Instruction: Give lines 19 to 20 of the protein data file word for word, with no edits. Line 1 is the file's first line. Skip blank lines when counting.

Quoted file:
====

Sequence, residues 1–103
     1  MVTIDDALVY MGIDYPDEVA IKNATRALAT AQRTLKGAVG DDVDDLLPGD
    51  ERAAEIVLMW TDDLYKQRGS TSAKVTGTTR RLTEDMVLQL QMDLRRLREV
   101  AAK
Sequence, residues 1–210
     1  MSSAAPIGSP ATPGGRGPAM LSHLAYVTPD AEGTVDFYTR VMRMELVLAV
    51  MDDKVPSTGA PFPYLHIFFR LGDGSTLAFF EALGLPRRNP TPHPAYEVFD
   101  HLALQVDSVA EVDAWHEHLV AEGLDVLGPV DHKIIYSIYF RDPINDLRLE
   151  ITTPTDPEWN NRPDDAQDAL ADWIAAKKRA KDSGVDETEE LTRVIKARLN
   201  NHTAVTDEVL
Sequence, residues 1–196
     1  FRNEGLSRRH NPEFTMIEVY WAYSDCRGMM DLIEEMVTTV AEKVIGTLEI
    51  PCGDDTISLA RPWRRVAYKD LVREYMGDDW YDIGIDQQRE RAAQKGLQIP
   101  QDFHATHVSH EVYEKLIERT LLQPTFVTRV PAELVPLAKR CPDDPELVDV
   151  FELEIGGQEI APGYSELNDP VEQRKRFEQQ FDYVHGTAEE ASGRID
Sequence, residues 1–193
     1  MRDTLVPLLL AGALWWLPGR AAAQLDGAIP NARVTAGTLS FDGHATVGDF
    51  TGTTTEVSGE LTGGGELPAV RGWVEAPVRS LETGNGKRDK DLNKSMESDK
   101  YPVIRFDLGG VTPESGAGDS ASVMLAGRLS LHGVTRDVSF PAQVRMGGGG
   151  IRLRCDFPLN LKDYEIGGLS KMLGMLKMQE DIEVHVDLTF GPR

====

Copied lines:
   101  YPVIRFDLGG VTPESGAGDS ASVMLAGRLS LHGVTRDVSF PAQVRMGGGG
   151  IRLRCDFPLN LKDYEIGGLS KMLGMLKMQE DIEVHVDLTF GPR